The NAAs of foreign countries, such as the Federal Aviation Administration (FAA) of the United States, often permit an extension of the time to comply with an AD if other operational or maintenance conditions can be imposed on the exclusion which mitigate the risk of the unsafe condition for the period of time allowed by the exclusion. Because CASA cannot issue an exclusion which permits an extension of time for compliance with an AD (subject to conditions necessary to mitigate the risk in the meantime), problems have been caused when aircraft owners affected by the AD cannot source necessary aircraft components for compliance with the AD, e.g. because the component manufacturer is based overseas or has insufficient stores to cater for the sudden increase in demand as a result of the issue of the AD. On such occasions, affected aircraft face the prospect of being grounded until replacement parts become available, whereas foreign registered aircraft can operate under exclusions issued by the relevant NAAs which permit a greater time for compliance.

The Regulations rectify this anomaly so that an exclusion could defer the compliance time on submission of a satisfactory safety justification.

Also, CASR 39.004 (2) provides that CASA must not issue an exclusion unless CASA and the applicant agree with the action specified in the exclusion. However, experience has shown that this requirement adds no safety value and that many applicants for exclusions were signing the agreement on the application form prior to submitting the application.

The Regulations remove this requirement.

Responsibility for ensuring AD compliance

Currently CASR 39.003 (2) requires that the “registered owner” of an aircraft subject to an AD must not permit a person to operate the aircraft until the AD has been complied with. There is no definition for the term “registered owner” in the CASR; the appropriate term is “registration holder”.

The Regulations replace “registered owner” with “registration holder”. However, it is proposed, in future, to place this obligation on the operator of the aircraft rather than the person who holds the aircraft registration certificate, as the operator is the person who has day-to-day operational control of the aircraft (noting that the operator and registration holder can be the same person). This will occur when the concept of “registered operator” is introduced into the CASR under the proposed CASR Part 47 (Aircraft registration and related matters). At that time, it is proposed to change “registration holder” in CASR 39.003 (2) to “registered operator”.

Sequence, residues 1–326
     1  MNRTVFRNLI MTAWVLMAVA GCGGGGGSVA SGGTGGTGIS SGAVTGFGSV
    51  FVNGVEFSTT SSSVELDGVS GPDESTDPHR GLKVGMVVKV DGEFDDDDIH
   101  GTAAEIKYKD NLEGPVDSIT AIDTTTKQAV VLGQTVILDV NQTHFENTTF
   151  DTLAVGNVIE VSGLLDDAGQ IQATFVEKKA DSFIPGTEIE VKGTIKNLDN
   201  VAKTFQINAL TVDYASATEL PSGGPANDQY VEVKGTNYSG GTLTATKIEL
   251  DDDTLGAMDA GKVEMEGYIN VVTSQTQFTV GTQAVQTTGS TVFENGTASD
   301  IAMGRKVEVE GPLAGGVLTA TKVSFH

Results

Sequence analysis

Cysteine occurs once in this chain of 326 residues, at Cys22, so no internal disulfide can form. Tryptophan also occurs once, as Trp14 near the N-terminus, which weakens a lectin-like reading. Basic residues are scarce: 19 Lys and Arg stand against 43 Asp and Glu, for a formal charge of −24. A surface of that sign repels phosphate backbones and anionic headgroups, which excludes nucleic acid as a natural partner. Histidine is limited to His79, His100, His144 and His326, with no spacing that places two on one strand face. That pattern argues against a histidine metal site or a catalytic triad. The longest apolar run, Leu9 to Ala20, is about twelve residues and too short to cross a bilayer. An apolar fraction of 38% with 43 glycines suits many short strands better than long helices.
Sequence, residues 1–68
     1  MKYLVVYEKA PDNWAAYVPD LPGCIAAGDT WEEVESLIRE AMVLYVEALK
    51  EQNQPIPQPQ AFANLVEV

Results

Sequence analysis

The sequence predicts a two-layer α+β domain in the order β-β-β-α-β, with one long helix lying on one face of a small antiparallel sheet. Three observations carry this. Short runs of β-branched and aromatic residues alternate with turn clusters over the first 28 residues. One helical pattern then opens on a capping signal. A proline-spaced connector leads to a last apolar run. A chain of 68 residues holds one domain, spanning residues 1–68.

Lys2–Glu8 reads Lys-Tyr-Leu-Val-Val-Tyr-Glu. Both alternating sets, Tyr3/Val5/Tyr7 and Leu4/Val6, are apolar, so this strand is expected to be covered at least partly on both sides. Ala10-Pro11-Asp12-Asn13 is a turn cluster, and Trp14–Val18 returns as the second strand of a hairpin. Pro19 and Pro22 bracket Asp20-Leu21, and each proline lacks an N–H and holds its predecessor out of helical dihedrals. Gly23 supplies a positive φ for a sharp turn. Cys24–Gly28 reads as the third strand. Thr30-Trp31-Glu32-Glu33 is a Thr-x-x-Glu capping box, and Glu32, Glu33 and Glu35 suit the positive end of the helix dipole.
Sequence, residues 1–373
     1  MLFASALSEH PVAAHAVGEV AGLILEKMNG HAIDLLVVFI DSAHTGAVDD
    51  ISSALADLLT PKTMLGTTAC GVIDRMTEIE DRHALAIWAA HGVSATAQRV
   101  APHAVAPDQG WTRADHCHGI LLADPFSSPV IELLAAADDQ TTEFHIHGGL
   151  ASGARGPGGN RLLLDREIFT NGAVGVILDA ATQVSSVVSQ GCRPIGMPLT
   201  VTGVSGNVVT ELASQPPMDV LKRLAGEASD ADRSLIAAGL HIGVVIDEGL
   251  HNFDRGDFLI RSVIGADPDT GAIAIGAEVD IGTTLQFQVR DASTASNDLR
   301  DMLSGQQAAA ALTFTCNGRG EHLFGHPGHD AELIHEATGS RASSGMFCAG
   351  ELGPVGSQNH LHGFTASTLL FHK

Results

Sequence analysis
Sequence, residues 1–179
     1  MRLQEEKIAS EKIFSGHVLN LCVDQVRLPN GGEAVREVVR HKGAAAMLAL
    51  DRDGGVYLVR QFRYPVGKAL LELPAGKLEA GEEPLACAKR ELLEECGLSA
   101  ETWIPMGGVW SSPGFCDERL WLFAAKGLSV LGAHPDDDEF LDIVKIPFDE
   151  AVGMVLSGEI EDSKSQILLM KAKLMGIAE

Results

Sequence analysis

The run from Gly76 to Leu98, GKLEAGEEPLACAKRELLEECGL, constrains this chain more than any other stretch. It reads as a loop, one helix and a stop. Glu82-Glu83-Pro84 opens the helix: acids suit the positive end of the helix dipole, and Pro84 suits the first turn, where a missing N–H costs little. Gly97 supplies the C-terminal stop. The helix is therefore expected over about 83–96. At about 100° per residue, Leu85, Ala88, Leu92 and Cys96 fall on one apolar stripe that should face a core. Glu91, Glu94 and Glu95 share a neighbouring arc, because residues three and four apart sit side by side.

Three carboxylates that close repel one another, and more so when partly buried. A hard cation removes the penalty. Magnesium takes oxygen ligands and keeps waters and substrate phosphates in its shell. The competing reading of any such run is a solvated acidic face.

Inclusion of European Aviation Safety Agency (EASA) as an NAA

CASR 39.001 (3) makes it clear that an AD issued by CASA can require compliance with a directive of a similar nature issued by the NAA of a foreign country. Furthermore, CASR 21.029A and CASR 21.114 allow CASA to recognise type certificates and supplemental type certificates issued by the NAA of a recognised country. The European Aviation Safety Agency (EASA) has recently been formed to carry out certain airworthiness functions on behalf of countries that belong to the European Union (EU). Members of the EU no longer individually carry out airworthiness functions such as issuing ADs, type certificates or supplemental type certificates.

The Regulations amend the Dictionary of the CASR to extend the meaning of NAA to include EASA insofar as EASA performs a function or task on behalf of the NAA of a foreign country (i.e. a NAA of a member state of the EU). This change allows CASA to recognise certificates, approvals, etc. issued by EASA when the CASR allow CASA to recognise certificates, approvals, etc. issued by the NAA of a foreign country. In particular, it allows CASA to issue an AD to require compliance with a directive issued by EASA, or to accept a type certificate or supplemental type certificate issued by EASA as a type certificate or supplemental type certificate issued by a recognised country.

The amendments to CASR Part 39:

  • clarify who is responsible for compliance with an AD;
  • enable the issue of a special flight permit so that aircraft can fly to a maintenance base to carry out the requirements of an AD;
  • allow an AD to be written to permit compliance with the latest instructions issued by the manufacturer of the aircraft or aeronautical product referred to in the AD; and
  • align the requirements for issuing exclusions to an AD with the same practices applied by the United States Federal Aviation Administration (FAA) and other national airworthiness authorities (NAAs).

The Regulations commenced on the date of their notification in the Gazette.

The Office of Regulation Review (ORR) has assessed that the regulations have only a minor impact on business and that the preparation of a Regulation Impact Statement (RIS) is not mandatory.